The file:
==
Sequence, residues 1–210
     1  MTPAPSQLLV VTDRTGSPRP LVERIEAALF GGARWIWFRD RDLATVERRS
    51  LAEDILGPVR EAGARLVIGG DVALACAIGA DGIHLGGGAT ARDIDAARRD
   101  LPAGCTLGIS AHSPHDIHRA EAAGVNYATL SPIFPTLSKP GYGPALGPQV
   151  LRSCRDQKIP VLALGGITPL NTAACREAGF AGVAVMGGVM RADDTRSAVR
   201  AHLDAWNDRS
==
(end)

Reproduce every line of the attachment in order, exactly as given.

Sequence, residues 1–210
     1  MTPAPSQLLV VTDRTGSPRP LVERIEAALF GGARWIWFRD RDLATVERRS
    51  LAEDILGPVR EAGARLVIGG DVALACAIGA DGIHLGGGAT ARDIDAARRD
   101  LPAGCTLGIS AHSPHDIHRA EAAGVNYATL SPIFPTLSKP GYGPALGPQV
   151  LRSCRDQKIP VLALGGITPL NTAACREAGF AGVAVMGGVM RADDTRSAVR
   201  AHLDAWNDRS